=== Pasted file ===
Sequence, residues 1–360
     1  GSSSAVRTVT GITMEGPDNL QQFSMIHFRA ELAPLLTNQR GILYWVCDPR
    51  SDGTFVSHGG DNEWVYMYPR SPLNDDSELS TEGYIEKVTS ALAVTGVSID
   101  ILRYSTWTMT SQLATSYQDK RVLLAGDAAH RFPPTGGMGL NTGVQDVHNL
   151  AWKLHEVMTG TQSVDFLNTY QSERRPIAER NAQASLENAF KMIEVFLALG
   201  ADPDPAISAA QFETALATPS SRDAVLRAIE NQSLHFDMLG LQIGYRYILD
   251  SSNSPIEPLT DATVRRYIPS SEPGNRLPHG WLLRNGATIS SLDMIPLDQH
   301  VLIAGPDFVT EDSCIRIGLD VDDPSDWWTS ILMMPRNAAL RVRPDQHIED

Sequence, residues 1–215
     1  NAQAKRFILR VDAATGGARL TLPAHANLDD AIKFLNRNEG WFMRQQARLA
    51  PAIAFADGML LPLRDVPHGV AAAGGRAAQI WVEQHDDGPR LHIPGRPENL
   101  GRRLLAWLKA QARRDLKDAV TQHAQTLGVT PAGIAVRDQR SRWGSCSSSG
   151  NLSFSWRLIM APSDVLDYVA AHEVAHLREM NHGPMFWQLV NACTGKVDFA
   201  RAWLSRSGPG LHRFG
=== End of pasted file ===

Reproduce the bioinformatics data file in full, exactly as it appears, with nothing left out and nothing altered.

Sequence, residues 1–360
     1  GSSSAVRTVT GITMEGPDNL QQFSMIHFRA ELAPLLTNQR GILYWVCDPR
    51  SDGTFVSHGG DNEWVYMYPR SPLNDDSELS TEGYIEKVTS ALAVTGVSID
   101  ILRYSTWTMT SQLATSYQDK RVLLAGDAAH RFPPTGGMGL NTGVQDVHNL
   151  AWKLHEVMTG TQSVDFLNTY QSERRPIAER NAQASLENAF KMIEVFLALG
   201  ADPDPAISAA QFETALATPS SRDAVLRAIE NQSLHFDMLG LQIGYRYILD
   251  SSNSPIEPLT DATVRRYIPS SEPGNRLPHG WLLRNGATIS SLDMIPLDQH
   301  VLIAGPDFVT EDSCIRIGLD VDDPSDWWTS ILMMPRNAAL RVRPDQHIED

Sequence, residues 1–215
     1  NAQAKRFILR VDAATGGARL TLPAHANLDD AIKFLNRNEG WFMRQQARLA
    51  PAIAFADGML LPLRDVPHGV AAAGGRAAQI WVEQHDDGPR LHIPGRPENL
   101  GRRLLAWLKA QARRDLKDAV TQHAQTLGVT PAGIAVRDQR SRWGSCSSSG
   151  NLSFSWRLIM APSDVLDYVA AHEVAHLREM NHGPMFWQLV NACTGKVDFA
   201  RAWLSRSGPG LHRFG